I do believe people who think Chinatown is an option for their senior lunch under this program should be warned and told the truth about what to expect. If you are not Chinese, and have not been coming regularly...forget it.

Meal Listings on the SBSS website: http://www.sbssla.org/meal-sites/

Email Address for Contacting Department of Aging (Umbrella under which all this falls):

Sunday, September 10, 2017


The Poem of YES

Gave up
Air pressure like an anvil
Forcing me to stop
Lie on floor
Wondering if my heart would stop
Cat there
Why go on?
If you can't stand the Heat...
Then what?
A show of hands, please.
Who fucking knows?
Just lying there
Pretending it was good for me.
Then it came to me
After how long I don't know
And I saw
My Week
had too many
No, you can't do that.
No, I should do that.
No, we don't want that.
No, because she hates us.
No, because we hate him.
No, because I'm afraid of you.
No, because I just

Then I remembered a text from my friend
sent from his favorite place on Earth:
"I am always happiest when I am here..."
And I felt what it feels like to feel free.
Even just for a moment.
Because you feel loved.
And you are giving love.
You are wanted. And you are glad to be wanted.

I thought, "I need to write this down."

I got up.
Outside rain.
Sun shining.
So so hot still.
But wet.

And the lady across the street
Watering her lawn.

But I made it back.
And I am not afraid anymore.

Marlan Warren, August 2017, Los Angeles, California

Monday, August 14, 2017

#WonderWoman Poem By Carolyn Howard-Johnson: "My Woman-of-Steel Brand"

My mother Trudy Warren 8 months pregnant right after Hurricane Donna, Ft. Myers, FL
Perhaps I am remiss in not posting current national events and my relation to them as they happen. A couple weeks ago, I posted this poem by the extraordinary California poet, Carolyn Howard-Johnson about her inner "Wonder Woman." Now with Hurricane Irma bearing down on my hometown of Ft. Myers, I can't help but recall this picture my father took of my mother hauling away the multitude of fallen branches from the banyan tree we shared with our neighbors' yard. Eight months pregnant with my brother Monty. Mom played the piano the whole time the hurricane raged around our 2-story clapboard house. The tin roof blew off our neighbors' home behind ours. And they came into our house for protection during the calm of the Eye.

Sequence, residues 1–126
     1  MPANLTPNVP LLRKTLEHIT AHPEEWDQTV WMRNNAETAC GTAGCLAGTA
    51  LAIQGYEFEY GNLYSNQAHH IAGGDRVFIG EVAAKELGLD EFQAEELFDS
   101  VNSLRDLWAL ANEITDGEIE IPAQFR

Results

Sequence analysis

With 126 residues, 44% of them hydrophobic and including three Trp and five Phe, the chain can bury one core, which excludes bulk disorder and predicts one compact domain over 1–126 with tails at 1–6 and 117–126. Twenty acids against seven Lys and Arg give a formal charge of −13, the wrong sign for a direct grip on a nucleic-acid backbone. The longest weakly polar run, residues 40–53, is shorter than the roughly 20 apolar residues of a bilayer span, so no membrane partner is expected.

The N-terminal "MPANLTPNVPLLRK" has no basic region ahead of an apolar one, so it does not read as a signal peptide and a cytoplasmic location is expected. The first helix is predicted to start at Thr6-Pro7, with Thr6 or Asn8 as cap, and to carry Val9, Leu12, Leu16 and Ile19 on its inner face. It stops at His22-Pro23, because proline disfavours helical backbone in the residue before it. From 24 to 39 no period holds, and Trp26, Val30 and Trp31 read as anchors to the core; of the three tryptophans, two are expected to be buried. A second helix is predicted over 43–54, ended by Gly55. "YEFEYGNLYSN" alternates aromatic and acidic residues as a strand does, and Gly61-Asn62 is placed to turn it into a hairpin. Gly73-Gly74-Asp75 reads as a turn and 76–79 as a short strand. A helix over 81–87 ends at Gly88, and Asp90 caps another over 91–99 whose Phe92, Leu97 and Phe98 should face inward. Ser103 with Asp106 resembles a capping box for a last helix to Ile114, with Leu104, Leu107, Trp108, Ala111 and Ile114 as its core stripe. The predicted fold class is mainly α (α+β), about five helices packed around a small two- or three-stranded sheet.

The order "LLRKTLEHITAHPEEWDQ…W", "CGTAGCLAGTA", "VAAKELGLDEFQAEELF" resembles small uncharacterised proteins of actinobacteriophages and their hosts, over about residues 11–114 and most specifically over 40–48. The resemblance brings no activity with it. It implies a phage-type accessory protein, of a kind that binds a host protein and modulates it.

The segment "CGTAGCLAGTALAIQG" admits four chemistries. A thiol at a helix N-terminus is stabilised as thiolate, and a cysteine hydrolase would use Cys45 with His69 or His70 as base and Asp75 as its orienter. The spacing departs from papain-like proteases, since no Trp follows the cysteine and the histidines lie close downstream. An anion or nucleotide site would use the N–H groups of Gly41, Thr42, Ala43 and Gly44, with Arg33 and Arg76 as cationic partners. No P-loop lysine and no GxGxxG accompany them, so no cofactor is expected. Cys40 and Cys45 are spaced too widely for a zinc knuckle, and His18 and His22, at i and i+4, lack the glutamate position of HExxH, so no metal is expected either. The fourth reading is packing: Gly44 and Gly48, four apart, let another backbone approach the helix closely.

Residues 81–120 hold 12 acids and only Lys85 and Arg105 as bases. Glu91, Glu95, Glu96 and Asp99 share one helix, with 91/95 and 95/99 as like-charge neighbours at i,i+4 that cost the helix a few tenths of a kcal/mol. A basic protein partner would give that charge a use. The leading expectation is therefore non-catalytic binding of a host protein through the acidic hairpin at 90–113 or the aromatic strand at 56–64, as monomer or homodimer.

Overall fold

A toast to all Wonder Women everywhere. May your praises always be sung for your beautiful warrior spirits and loving ways.

You Think You Know Me Well

By Carolyn Howard-Johnson

I am Wonder Woman. You may have known 

me so long you remember
my original star-studded skirt
a la 1942 or still sigh over that skirt metamorphosed
to a bias-cut bikini singing
a patriot’s song to the female derrière
That would have been the same time 
it became hard to tell if I was born
to empower little girls or to mesmerize 
boys--the big ones and the small.
If that’s what you think
when you hear my name,
you’ve clearly not internalized
the idea of cruel waxing demanded by today’s
experts on grooming. (You should know
I didn’t do that. Somehow I was never convinced. 
Tights were another matter. I wore
them proudly--my woman-of-steel
brand-- lasso-wielding woman,
woman who bounced bullets
from magic cuffs, woman who didn’t need
D-cup implants
spilling out of her lamé bustier.